Anita Agnihotri, an IAS trainee who was at LBSNAA at that time, aptly recalled the collective response of most young offi cers by saying, “his resignation from service prematurely on a matter of principle..... had sent ripples through the Union Home Ministry and the entire bureaucracy and has left a lasting impact on our minds till date. Uncompromisingly, with great clarity of mind combined with erudition, Shri Appu was an admirable example of courage and principle. As a senior colleague, he was a true leader orienting his juniors towards a pro-people accountable and transparent public service delivery system.”

What Agnihotri said conveyed a very important message for the civil services

E A S Sarma (eassarma@gmail.com) is a former secretary to the Government of India.

Economic & Political Weekly

EPW
april 14, 2012 vol xlviI no 15

COMMENTARY

Scheme (NREGS). While conveying to him my views and reservations on what he suggested in that article, little did I realise then that I would get into a regular correspondence with him thereafter, on a variety of topics of mutual interest. In our email correspondence that went on uninterrupted until June 2011, we exchanged views on the need to strengthen the panchayati raj system, the implications of the post-1991 economic reform programme, the necessity to strengthen the public distribution system and the need to provide adequate food subsidies, the ways and means to address the problem of foodgrain storage, the issues that are relevant to tribal empowerment and development and so on. We even discussed the pros and cons of nuclear power and the adverse implications of imposing a cap on civil nuclear liability! I would seek his views on my own articles and letters to the government. He was prompt in providing me valuable feedback.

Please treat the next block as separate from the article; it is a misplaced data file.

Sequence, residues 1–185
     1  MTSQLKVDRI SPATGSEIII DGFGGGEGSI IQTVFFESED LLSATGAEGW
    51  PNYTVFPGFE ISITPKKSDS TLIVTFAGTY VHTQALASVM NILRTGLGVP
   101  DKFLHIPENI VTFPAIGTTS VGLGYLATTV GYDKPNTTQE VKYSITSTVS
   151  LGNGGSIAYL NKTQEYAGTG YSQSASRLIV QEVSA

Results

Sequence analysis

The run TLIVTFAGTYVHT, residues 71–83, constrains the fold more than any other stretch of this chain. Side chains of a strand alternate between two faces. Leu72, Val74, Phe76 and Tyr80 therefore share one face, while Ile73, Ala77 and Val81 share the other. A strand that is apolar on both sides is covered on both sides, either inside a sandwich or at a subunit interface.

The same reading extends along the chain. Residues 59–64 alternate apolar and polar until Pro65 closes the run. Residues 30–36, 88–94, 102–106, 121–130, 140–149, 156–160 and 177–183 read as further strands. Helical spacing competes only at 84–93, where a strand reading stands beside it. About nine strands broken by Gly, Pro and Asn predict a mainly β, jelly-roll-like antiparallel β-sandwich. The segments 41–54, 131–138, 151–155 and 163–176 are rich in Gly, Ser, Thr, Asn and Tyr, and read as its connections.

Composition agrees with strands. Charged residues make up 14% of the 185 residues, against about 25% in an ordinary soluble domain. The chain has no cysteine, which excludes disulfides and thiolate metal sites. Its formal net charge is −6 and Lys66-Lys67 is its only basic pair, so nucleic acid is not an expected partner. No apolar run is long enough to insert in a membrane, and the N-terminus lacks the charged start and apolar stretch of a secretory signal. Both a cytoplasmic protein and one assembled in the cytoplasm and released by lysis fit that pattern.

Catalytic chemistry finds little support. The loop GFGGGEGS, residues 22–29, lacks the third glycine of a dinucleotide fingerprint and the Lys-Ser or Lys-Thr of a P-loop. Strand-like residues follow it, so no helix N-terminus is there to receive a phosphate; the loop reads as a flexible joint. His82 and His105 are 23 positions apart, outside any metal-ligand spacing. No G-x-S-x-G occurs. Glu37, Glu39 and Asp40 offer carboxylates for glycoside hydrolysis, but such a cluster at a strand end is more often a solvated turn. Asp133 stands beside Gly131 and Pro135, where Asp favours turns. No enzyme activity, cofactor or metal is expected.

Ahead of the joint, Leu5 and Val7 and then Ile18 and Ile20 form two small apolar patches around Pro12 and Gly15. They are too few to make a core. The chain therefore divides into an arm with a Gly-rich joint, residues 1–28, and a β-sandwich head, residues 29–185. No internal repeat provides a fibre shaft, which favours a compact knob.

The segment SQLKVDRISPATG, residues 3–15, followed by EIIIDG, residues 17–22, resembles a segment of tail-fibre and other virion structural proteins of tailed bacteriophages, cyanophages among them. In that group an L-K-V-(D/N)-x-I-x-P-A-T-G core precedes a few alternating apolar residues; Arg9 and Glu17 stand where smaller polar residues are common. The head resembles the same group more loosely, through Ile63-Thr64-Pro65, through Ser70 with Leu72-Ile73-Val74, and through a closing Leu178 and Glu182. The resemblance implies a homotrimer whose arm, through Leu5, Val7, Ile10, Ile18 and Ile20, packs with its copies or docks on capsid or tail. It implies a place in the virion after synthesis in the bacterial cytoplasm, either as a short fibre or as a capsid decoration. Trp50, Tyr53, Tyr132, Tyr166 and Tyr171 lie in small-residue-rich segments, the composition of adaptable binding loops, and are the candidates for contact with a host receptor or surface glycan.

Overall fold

When he came across a report that the central government had asked a multinational corporation to make recommendations on the problem of foodgrain storage in the country, he expressed his deep anguish by saying, “What a fall, my country men! We have lost not only our pride and self-respect, but also our common sense”. What he meant was that there was enough professional expertise available in India to

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address such problems. He added, “I am not a jingoist.....I recall the sound advice given by (Nicholas) Kaldor, (Daniel) Thorner, (Wolf Isaac) Ladejinsky”.

While P S Appu is not physically among us today, his ideas and views, his aspirations and vision, I am sure, are deeply embedded among all those who had the fortune of working with him in one capacity or the other. Persons like Appu will always remind us that the civil services can justify their existence only when they are fully attuned to addressing the concerns of the majority of the population. Their accountability should be to that majority, not the self-serving political and bureaucratic elite!

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april 14, 2012 vol xlviI no 15

EPW
Economic & Political Weekly